But let's be honest, folks. American Muslims are the targets of hate crimes all the time. We just don't hear about it. American Muslims, and mosques in America, have had to cope with this particularly since September 11th, 2001, as if all Muslims were responsible for the behavior of a group of extremists. We don't act as if all Christians were responsible for the behavior of the extremists who were responsible for the Oklahoma City bombing. But we act like all Muslims are responsible for September 11th.
But wait, you're saying. I don't act like that.
Well, what do you do to stop it? When people bad-mouth Muslims around you, do you speak out against it?
Personally not blaming Muslims ourselves is no longer enough. Not in today's political and cultural climate.
On the radio today, I heard a guest on WHYY's Radio Times talking about how Muslims in America are afraid of violence directed against them personally on the upcoming anniversary of September 11th.
And that's just wrong.
No one -- no one -- in this country should be afraid they will be attacked physically because of their religion.
And that statement brought back memories.
Of September 11th, 2001 in Philadelphia.
Of the aftermath.
Of the bomb threats at my Meetinghouse.
Of how it felt like my entire workplace, my entire family, the entire world around me, was demanding vengeance.
Of not knowing where friends, family, and loved ones were -- including folks in the military, folks on commercial airplanes that day, and folks overseas.
Of threats to bomb Afghanistan "back to the Stone Age."
Memories of Americans being attacked for being suspected of being Middle Eastern.
Memories of American Muslim women -- regardless of race -- who wore the hijab, or headscarf, being attacked and harassed, and so either leaving their headscarves at home, or simply not leaving home -- becoming prisoners in their own homes to hate.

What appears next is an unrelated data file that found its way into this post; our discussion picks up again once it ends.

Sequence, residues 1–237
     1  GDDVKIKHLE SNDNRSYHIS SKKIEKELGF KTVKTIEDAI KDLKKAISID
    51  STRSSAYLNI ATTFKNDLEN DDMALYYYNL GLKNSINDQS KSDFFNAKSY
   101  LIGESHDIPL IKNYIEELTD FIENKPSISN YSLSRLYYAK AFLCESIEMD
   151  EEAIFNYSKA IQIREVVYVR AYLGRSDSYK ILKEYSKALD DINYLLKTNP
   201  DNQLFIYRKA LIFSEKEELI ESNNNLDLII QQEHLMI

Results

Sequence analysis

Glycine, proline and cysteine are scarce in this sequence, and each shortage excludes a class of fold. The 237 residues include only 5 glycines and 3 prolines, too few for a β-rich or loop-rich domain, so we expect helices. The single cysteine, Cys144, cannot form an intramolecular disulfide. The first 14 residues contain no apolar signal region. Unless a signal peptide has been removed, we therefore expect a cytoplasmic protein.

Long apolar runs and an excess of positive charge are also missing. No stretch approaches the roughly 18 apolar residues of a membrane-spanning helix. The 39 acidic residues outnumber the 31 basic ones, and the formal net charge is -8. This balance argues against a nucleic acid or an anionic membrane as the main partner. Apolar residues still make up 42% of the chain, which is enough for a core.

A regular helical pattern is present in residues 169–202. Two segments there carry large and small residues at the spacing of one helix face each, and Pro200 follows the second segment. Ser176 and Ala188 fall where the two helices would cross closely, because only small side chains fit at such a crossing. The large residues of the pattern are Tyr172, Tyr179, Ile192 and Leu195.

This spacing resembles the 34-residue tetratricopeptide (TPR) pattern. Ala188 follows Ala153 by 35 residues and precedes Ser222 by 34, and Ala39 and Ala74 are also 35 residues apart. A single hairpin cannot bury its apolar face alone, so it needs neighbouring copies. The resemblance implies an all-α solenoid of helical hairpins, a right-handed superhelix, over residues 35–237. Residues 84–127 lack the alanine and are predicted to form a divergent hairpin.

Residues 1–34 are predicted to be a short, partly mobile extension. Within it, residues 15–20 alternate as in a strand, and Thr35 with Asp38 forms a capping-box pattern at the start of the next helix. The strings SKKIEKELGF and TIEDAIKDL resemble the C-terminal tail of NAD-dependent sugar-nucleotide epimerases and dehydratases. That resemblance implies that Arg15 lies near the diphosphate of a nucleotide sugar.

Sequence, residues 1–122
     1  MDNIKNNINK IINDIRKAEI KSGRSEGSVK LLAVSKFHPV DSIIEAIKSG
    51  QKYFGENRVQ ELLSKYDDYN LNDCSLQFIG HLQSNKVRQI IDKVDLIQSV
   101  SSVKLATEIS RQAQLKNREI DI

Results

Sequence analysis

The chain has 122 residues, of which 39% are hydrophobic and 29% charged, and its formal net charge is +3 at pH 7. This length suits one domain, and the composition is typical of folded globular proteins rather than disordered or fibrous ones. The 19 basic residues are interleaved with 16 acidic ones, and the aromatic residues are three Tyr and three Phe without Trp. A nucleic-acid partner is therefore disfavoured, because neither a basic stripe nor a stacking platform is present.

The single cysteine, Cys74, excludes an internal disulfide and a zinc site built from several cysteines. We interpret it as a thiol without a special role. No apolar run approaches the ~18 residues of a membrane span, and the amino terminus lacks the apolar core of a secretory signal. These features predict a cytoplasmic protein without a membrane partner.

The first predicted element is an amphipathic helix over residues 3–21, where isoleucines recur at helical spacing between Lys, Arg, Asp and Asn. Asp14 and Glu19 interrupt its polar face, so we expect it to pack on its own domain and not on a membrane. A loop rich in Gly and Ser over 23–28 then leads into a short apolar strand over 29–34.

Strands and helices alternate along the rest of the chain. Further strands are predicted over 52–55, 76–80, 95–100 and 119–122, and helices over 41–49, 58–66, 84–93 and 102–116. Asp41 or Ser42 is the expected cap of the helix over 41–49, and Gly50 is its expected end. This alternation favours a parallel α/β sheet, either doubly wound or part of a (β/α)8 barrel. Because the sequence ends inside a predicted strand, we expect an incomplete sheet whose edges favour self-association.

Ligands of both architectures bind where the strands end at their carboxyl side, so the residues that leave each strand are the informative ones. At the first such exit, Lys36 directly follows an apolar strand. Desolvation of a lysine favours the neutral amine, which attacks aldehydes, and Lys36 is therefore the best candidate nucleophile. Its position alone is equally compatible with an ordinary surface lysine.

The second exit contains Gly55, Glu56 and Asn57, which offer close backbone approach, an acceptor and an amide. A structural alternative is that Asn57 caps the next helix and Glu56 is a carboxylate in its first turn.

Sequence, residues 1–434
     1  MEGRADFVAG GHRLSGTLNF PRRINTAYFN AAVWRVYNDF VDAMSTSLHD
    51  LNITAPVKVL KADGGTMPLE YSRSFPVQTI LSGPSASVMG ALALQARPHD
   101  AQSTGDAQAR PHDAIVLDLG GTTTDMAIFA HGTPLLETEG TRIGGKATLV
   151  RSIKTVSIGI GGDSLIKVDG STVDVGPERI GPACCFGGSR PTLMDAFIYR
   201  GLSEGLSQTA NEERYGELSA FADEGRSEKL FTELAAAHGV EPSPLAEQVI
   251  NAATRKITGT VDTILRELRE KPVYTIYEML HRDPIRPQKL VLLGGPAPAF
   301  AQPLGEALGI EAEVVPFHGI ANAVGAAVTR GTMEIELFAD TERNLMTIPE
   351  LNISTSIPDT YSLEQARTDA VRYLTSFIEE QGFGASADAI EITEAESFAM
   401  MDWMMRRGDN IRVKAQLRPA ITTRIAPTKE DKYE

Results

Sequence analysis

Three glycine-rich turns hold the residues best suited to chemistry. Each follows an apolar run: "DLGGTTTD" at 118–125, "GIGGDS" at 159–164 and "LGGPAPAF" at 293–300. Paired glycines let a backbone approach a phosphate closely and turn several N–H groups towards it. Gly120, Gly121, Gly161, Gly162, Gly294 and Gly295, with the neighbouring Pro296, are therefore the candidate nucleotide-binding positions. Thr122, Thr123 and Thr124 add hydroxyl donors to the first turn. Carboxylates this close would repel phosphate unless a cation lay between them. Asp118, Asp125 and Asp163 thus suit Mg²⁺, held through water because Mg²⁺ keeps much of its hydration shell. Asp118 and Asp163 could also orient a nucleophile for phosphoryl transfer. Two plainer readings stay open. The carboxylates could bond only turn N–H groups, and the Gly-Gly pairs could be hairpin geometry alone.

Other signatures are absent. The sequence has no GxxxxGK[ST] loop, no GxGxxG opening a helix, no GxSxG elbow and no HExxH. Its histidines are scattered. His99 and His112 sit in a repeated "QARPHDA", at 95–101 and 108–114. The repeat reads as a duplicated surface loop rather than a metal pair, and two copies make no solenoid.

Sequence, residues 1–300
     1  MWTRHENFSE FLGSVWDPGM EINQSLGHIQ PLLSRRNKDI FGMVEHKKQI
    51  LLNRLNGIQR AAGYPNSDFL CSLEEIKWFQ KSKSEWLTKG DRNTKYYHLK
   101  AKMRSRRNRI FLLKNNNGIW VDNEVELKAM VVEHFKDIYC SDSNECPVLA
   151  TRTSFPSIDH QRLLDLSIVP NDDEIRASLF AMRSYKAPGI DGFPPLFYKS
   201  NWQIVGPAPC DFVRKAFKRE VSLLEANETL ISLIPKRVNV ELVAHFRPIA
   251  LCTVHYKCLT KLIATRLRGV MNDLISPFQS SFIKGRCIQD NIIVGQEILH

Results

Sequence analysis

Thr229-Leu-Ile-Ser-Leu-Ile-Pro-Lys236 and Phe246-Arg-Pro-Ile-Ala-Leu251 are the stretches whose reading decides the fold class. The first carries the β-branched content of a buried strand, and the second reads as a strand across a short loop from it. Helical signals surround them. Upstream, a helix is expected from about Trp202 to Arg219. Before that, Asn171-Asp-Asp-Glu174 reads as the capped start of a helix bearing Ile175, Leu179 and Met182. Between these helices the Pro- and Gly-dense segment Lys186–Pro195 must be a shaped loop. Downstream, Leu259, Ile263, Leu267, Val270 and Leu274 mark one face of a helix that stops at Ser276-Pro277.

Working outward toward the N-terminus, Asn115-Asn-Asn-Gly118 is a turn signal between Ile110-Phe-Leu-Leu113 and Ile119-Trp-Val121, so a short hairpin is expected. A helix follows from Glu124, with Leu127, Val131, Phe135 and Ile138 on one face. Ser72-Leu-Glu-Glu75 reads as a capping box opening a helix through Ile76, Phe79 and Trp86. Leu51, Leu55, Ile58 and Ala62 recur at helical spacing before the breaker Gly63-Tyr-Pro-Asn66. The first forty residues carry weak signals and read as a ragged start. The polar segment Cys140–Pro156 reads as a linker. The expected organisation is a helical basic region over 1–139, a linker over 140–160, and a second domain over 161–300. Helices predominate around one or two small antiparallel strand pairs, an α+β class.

Memories of Quaker women I knew wearing headscarves of some sort in solidarity with the women of Afghanistan and with American Muslim women.
I came late to scarf solidarity that year, but wore a headscarf for a good month or so -- October? November? As long as I was led. I still wore long, full skirts frequently then, and probably looked more Jewish than anything else. Still, it felt important.
One co-worker looked at me worriedly and said, "But Stasa, what if people think you're Muslim?" Exactly, I told her. "But you're not. I mean, you're obviously not." Exactly, I told her. She didn't get it. The idea is to make people think, I explained. She was still nervous for me.
I have been wondering: is it time for scarf solidarity again?
I looked up scarf solidarity when I got home today, and found the story of Jennifer Schock's Scarves for Solidarity Campaign originally planned for October 8, 2001; I also found this article from the LA Times.
Jennifer did her homework. She talked to Muslim women. She called local mosques, Muslim associations, and Islamic centers. I haven't done any of that work yet. I have tried to reach Jennifer, but haven't been successful (yet).
Is it time for scarf solidarity again? If so, on September 11th, 2010? Longer? Coinciding with Eid al-Fitr at the end of Ramadan - ? (September 9th, this year.)